Before the sun began to set on New Year’s Eve, my kindergarten-age grandson came to talk to me about the celebration. His normal bedtime had been extended to 9:30 p.m. so he could watch the ball drop in Times Square, New York. His excitement nearly overwhelmed him. He got to celebrate with the adults! His older brother would be there, too, of course. The grandpa who grew up in NYC, along with other family members, would join in via video chat, everyone watching the same celebration and everyone welcoming the new year on Eastern Standard Time.
We had hats, snacks, masks, and noise makers at 4 sites with groups varying in size at each location. In previous years, we would have confirmed the plans for a family dinner the following day and the exuberant uncle would have unveiled some not-quite-legal fireworks, but both the family meal and the explosives got tabled. Instead, we all sat together virtually for several minutes before tuning in to the hubbub from Times Square. We wore our silly headgear and paper new year “glasses,” distributed virtual hugs and whoops when the ball fell.
Although the grand-kids asked, predictably, if they could stay up a bit longer, they didn’t put up much of a fight before they crawled into bed and drifted quickly off to sleep. My older grandson commented about the “magic” of the night – good snacks, connecting with family miles away, wearing silly hats, batting around balloons, blowing little noise-makers, and celebrating with strangers who stood on a cold street a couple thousand miles away.
It did have that air of special times that quickly dissolve into day-to-day struggles.
And so many people I know struggle right now. Several friends find themselves – or their households – challenged with illness. The current virus is a big threat, but all the other typical cold-weather illnesses, plus a few surprise visitors, have moved into friends’ homes. What I hadn’t realized, even in my care to follow health guidelines, is that when one or more household members becomes ill, regardless of the cause, others become more vulnerable AND they must pick up more responsibilities. In those overwhelmed homes where nobody has the spare cash for housekeepers or part-time caregivers, people struggle. Moments remain guarded, in some cases contact must be avoided, sharing of bathrooms and kitchen facilities discouraged. That makes life even more challenging for everyone.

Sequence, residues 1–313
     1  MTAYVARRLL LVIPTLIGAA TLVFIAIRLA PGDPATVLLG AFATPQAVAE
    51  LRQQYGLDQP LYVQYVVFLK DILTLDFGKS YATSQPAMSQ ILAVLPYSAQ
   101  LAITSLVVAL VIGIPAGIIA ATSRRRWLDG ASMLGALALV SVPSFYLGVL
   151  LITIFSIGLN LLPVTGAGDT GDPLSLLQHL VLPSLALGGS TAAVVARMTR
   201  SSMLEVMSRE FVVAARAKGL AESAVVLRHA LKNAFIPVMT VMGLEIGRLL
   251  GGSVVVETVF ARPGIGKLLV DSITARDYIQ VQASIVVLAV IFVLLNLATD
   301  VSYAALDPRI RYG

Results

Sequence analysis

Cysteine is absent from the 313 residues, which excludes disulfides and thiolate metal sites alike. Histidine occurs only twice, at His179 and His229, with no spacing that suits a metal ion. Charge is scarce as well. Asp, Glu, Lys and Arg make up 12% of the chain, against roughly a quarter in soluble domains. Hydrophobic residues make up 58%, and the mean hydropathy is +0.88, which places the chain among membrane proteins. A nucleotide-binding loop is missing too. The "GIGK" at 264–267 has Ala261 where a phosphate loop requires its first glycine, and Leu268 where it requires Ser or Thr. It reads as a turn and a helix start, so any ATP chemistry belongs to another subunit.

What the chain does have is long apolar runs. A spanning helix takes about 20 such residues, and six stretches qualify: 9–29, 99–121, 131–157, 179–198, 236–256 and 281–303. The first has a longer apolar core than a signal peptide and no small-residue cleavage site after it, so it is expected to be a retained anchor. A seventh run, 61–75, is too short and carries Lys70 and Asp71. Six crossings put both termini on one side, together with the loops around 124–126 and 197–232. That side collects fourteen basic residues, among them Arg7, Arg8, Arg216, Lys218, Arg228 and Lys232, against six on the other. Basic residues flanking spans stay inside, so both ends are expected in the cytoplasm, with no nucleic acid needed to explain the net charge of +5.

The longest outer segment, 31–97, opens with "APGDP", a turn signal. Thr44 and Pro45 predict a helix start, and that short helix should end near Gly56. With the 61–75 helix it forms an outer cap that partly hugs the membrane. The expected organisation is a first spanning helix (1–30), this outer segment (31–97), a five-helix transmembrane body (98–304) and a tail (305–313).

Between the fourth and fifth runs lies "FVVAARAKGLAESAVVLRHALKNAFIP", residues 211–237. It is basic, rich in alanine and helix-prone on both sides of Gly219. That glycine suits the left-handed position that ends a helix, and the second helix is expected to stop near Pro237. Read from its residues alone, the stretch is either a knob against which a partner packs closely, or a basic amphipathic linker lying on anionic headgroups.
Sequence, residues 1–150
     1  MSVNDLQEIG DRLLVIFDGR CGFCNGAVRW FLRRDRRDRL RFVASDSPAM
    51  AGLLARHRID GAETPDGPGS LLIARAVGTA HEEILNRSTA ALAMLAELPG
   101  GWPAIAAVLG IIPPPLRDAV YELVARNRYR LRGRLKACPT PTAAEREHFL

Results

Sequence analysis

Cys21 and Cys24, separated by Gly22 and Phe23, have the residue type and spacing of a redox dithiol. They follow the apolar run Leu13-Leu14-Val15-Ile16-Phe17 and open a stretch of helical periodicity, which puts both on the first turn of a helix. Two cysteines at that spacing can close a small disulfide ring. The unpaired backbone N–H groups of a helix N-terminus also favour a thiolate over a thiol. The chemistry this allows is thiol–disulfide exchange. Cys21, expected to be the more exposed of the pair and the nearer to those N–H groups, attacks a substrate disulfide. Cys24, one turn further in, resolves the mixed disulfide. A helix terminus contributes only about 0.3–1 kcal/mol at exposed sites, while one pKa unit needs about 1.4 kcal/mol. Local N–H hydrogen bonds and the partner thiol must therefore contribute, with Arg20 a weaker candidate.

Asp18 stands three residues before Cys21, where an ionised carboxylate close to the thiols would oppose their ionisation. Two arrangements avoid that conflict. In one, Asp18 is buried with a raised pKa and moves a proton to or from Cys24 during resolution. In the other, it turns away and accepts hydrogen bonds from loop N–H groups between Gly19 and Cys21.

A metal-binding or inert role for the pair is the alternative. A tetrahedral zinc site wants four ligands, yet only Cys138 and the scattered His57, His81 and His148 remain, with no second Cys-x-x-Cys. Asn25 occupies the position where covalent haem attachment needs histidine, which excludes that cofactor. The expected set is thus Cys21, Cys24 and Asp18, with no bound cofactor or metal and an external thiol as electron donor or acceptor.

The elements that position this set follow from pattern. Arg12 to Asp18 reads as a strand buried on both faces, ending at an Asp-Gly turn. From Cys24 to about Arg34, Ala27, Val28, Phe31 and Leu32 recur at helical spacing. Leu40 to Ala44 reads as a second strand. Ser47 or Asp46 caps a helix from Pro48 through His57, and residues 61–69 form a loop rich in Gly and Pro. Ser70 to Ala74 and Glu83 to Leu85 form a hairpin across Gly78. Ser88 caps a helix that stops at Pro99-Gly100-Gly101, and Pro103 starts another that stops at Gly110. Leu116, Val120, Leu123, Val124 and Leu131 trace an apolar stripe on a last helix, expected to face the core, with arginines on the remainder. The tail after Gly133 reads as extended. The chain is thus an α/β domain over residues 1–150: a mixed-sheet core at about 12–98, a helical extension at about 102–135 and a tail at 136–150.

Where, I wondered, do any of us find magic moments, particularly in disarray and when we’re beyond tired?
Two things have helped me through a recent period when everybody in the house contracted an illness. One is the simple reminder that, though we look for happy-happy days, struggling is part of life. A deep breath. I am suffering. Just acknowledging that helps. I do not suffer alone; many others are suffering. Knowing it’s not just-me helps. May I be kind to myself. (For more details on this easy exercise, visit https://self-compassion.org/exercise-2-self-compassion-break/.)
Another thing that has helped me, I’ll call serendipity. It could also fall under mindfulness, but seems equally accidental and precious.
As I sat writing, a small hummingbird bypassed the feeder I tend to and instead hovered about 6 inches from my window. Having logged many hours on cool days writing at the window, my portal to the micro-universe of the back patio and yard, that was the first time any bird did more than pass quickly by. This little hummer lingered for a few moments on the other side of the glass and seemed to watch me as I watched it in complete surprise. In the time it took me to remember my aunties telling me as a child that hummingbirds are signs of coming happiness and great joy, the tiny creature darted away. Perhaps it came to its senses or satisfied its curiosity or recognized its own reflection.
For me, though, on a tiring day, that flashy little creature reminded me of the recent celebration of a new year, glittery masks, goofy hats, happy kids, and all.
A lot has already happened since we celebrated that new year. From Hawaii, I carry the tradition of celebrating Chinese New Year. I may check the calendar for more. Not that we need an excuse to celebrate or seek magic and joy around us. It’s good to have a reminder, though, on days when harbingers of joy don’t stop by.
May you be greeted with joyful surprises. May you remember to appreciate the world around you. May others remember to appreciate you. You deserve to feel appreciated.
May you be healthy, happy, strong, and safe.
Copyright 2021 D. R. deLuis